From Baghdad: "Allah Kareem"
"Everyone is so consumed with their own set of trials and tribulations these days--the son that lost a job, the daughter that lost a husband--the problems feel endless and everyone has their own story to tell. As my mother constantly says, “Kul wahid yihtajleh galub memdeshen”, or “every person [you listen to] requires a brand new heart”. - part of River's post yesterday on Baghdad Burning which ends:Posted at: Tuesday, November 11, 2003 - 07:57 AM -- Posted by: Jim Scott -- Permalink: (#)
"But, other than irate security guards, explosions in the capital, bombing in Tikrit, strikes in Nassriya over the security situation, a few assassinations, some abductions, car bombs, frightened humanitarian organizations, and exhausted people--everything is just rosy--*sigh*--Allah Kareem."
[Allah Kareem is Arabic for "God is generous". It is a phrase frequently used to dismiss beggars.]
A backward glance
"If you are able, save for them a place inside of you and save one backward glance when you are leaving for the places they can no longer go. Be not ashamed to say you loved them, though you may or may not have always. Take what they have taught you with their dying and keep it with your own. And in that time when men decide and feel safe to call the war insane, take one moment to embrace those gentle heroes you left behind."Posted at: Tuesday, November 11, 2003 - 07:55 AM -- Posted by: Jim Scott -- Permalink: (#)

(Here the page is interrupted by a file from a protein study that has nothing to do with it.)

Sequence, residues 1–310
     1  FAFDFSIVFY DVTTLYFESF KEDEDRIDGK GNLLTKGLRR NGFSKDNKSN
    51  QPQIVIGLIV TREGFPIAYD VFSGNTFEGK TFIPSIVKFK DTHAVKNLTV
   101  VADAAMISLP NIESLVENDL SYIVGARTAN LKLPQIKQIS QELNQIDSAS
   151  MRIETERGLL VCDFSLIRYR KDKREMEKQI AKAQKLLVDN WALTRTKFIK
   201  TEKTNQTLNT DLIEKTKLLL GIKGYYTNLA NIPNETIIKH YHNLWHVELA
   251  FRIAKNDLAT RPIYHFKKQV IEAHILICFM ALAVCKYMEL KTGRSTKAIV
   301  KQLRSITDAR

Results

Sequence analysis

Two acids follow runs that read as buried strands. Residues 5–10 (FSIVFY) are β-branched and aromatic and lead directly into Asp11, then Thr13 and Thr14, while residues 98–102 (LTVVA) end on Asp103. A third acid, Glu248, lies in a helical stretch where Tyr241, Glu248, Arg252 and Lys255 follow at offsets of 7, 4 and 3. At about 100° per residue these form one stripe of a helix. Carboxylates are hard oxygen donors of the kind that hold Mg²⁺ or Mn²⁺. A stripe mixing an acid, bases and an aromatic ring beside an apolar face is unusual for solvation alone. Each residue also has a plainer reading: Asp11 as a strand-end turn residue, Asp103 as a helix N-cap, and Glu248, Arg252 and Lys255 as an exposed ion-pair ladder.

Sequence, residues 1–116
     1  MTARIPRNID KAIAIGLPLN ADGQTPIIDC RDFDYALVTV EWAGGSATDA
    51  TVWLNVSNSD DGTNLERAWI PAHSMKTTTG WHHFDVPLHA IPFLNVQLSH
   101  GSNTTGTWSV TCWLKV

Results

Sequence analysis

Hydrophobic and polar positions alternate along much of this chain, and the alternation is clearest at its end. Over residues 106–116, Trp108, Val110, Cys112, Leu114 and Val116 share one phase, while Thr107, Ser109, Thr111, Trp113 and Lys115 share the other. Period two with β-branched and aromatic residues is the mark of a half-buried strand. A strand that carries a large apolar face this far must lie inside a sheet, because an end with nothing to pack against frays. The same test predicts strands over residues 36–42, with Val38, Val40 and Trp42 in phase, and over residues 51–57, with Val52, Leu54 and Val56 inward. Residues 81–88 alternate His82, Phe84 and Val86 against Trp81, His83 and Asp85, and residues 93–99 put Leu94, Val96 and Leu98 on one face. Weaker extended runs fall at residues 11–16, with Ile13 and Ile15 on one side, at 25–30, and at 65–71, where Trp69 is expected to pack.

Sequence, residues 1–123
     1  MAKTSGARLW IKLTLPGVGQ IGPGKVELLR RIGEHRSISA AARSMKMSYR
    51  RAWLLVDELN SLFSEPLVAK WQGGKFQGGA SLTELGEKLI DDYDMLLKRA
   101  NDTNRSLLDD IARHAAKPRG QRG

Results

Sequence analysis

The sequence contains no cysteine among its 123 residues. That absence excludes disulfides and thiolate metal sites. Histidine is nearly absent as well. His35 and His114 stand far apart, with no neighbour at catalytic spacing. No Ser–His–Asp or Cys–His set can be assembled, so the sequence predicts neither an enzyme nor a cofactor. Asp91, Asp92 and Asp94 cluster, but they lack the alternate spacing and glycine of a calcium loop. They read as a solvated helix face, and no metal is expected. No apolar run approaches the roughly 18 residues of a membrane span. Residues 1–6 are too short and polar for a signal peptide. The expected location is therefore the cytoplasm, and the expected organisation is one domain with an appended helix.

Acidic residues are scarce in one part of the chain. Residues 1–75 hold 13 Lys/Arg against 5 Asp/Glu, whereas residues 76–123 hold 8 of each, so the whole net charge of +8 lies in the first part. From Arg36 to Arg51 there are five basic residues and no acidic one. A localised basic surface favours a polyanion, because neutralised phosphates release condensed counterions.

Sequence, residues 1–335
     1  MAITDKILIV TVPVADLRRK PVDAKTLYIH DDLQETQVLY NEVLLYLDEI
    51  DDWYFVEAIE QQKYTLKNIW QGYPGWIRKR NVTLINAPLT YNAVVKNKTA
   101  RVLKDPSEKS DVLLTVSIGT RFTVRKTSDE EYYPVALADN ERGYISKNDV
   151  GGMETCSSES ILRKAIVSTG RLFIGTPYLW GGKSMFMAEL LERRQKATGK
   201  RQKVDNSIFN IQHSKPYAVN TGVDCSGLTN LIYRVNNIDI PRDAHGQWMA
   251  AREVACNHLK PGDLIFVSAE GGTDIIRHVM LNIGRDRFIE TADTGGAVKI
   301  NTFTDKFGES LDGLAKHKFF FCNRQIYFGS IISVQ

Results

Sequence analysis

Major Michael Davis O'Donnell
1 January 1970
Dak To, Vietnam
Listed as KIA February 7, 1978
A brotherhood forged in combat
Carrie West Times Colonist May 10, 2003Posted at: Tuesday, November 11, 2003 - 07:52 AM -- Posted by: Jim Scott -- Permalink: (#)
At midnight tonight, a secretive band of brothers will lay a wreath at Victoria's main cenotaph and bow their heads to the bugle's mournful Last Post.
These elderly men are the last members of a veterans' organization dating back 80 years. Dressed in tuxedos, they will stand in the cold night air to ensure they are the first to honour their fallen comrades on Remembrance Day. They call themselves Fourandex of Canada and membership is limited to veterans who saw the horrors of war first-hand -- those in the trenches, in combat planes and on fighting ships. ...
The group has another tradition. A Silent Tribute is read before dinner. The men stand while it is recited and raise their glasses at its conclusion:
Our surging battle lines must take their toll,
And cenotaphs are reared, and flowers are spread
Across the meadow and behind the knoll
O'er all those hallowed gardens of the dead.
Dead! Not to us, tho' all the world forget
That hideous travail of a nation's birth!
Your living memory is with us yet
Despite far scattered mounds of sacred earth,
And those of us -- so few -- who still remain